by Christine Gould and Peter Bickerton
For many of us — and especially Elon Musk — space and the universe outside of our glorious, technicolour bundle of life provides a vast new frontier to discover and even inhabit one day. Japanese billionaire Yusaku Maezawa has even paid SpaceX an undisclosed sum to be the first passenger on the Big Falcon Spacecraft headed to Mars in 2023.
But Elton John may have put it best when he sang that “Mars ain’t the kind of place to raise your kids, in fact, it’s cold as hell.” He also said that “it’s lonely out in space.”
Granted, escaping Earth might be an inevitable reality someday. We’ve been trundling down a self-destructive trajectory for the centuries since industrialisation — and, given the sixth mass extinction we are currently facing, this trajectory seems to be ceaseless in its rampancy.
But, here at Thought For Food, we believe in the future of Earth — and that with the same relentless passion that we are applying to get to Mars, we can solve our most important challenges right here on our home planet.
There are three space-age innovation areas that give us particular excitement — these are: remote sensing, synthetic biology and controlled environment agriculture. Not only are the technologies themselves exciting, but also the way in which they are developed — perfectly representing the power of next generation innovation by combining disciplines, embracing openness and collaboration, and utilizing DIY innovation approaches to unleash transformational opportunities.
- Remote Sensing
Satellites are now taken for granted. GPS tells us where to go, we telephone space before we speak to loved ones, we watch images beamed beyond the atmosphere and back again daily on our televisions. Nowadays, combine harvesters in fields are guided by satellites in such a precise fashion that not many a grain is lost.
Descartes Labs use satellites to give us instant access to Earth insights, providing incredibly detailed images and data that can tell us what’s going on in each and every nook and cranny of the globe. They ingest satellite and sensor data from more than 75 sources and analyze it using machine learning and computer vision modeling tools, churning out business intelligence for a range of industries, including agriculture. They have a partnership with Cargill on yield prediction, and were selected by the Defense Advanced Research Projects Agency (DARPA) to receive a $1.5 million dollar 3-year SBIR contract to create crop failure warning alerts for wheat based on satellite imagery-derived indicators for the Middle East & North Africa region.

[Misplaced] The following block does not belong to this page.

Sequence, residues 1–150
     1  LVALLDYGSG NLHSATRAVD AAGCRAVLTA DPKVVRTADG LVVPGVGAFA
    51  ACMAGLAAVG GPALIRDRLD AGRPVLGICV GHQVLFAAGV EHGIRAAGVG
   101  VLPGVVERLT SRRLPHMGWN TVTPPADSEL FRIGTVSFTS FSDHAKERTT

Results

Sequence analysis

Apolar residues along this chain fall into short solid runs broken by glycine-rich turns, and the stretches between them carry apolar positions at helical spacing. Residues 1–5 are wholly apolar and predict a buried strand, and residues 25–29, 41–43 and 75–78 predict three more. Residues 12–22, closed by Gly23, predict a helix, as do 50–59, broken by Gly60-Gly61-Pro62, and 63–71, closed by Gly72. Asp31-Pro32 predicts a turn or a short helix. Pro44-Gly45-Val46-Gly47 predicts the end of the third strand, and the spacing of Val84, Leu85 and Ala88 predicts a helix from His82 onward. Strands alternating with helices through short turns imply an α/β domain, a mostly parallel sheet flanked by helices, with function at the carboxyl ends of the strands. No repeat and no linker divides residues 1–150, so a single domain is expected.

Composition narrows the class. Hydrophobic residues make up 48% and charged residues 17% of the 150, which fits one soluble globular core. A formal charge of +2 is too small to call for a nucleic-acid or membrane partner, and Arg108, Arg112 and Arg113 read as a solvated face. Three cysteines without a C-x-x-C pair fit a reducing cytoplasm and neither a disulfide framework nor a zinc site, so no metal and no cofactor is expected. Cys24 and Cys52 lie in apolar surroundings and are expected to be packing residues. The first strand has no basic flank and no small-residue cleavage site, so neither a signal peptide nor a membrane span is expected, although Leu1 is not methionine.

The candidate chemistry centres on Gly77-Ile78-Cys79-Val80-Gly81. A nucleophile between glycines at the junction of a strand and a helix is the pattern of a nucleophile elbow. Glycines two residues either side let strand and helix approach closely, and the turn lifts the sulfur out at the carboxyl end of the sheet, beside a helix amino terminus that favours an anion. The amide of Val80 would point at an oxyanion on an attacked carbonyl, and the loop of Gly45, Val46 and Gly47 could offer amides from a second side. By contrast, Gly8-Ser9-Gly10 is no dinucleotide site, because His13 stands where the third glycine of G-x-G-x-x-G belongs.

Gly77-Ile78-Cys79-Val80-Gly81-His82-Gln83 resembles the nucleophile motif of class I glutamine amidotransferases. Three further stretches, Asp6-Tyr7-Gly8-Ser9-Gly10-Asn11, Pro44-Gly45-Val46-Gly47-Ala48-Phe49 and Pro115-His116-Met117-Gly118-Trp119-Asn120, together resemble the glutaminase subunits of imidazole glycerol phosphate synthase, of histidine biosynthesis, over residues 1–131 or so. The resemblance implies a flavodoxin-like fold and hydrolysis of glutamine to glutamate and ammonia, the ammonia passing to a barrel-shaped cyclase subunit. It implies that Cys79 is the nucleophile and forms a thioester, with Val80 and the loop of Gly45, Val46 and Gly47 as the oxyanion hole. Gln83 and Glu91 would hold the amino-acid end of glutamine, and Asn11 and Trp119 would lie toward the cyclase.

Agrosmart, a TFF startup led by Mariana Vasconcelos in Brazil, is paving the way for farmers to make better, data-driven decisions through monitoring of in-field soil and weather conditions — increasing climate resilience, improving productivity and increasing efficiency. Gamaya in Switzerland apply lightweight hyperspectral sensors to drones and UAVs to help with the detection of disease and pests in order to provide targeted crop management solutions. And, CiBO Technologies in Boston combine a deep understanding of biological sciences with data analytics to model and simulate agricultural ecosystems in computers, testing “limitless scenarios” for crops anywhere in the world at any point in time in order to help companies and farmers accelerate R&D and solve sustainability challenges.
Thanks to satellites, sensors , drones, hyperspectral imagery and powerful computer simulation capabilities, it’s possible to understand what is happening to crops day-by-day and year-on-year. And these types of advances are not just for big, industrial-scale agriculture either. Companies such as PlantVillage and former TFF Finalists Climate Edge are helping the 500 million smallholder farms around the world tap into the power that affordable remote sensing and AI (artificial intelligence) tools offer too.
While all of this progress is amazing, there is still more to do. Brittany Dahl, a long time TFFer and expert in Geographic Information Systems (GIS) at Esri Australia, points out: “we now need to go further to see better decisions being made in business, politics and policy with greater use of GIS and remote sensing tools. We have the ability to better understand our land, the flow of species, crops and ecosystems — not just with data itself, but with better analysis and sharing of this data — leading to better and faster outcomes that can benefit us all.”
2. Synthetic Biology
Getting all the way to Mars is a long trip — 54.6 million kilometres, in fact — which makes it impossible to send packages of food back and forth (as happens with the International Space Station, which sits a mere 408 kilometres away).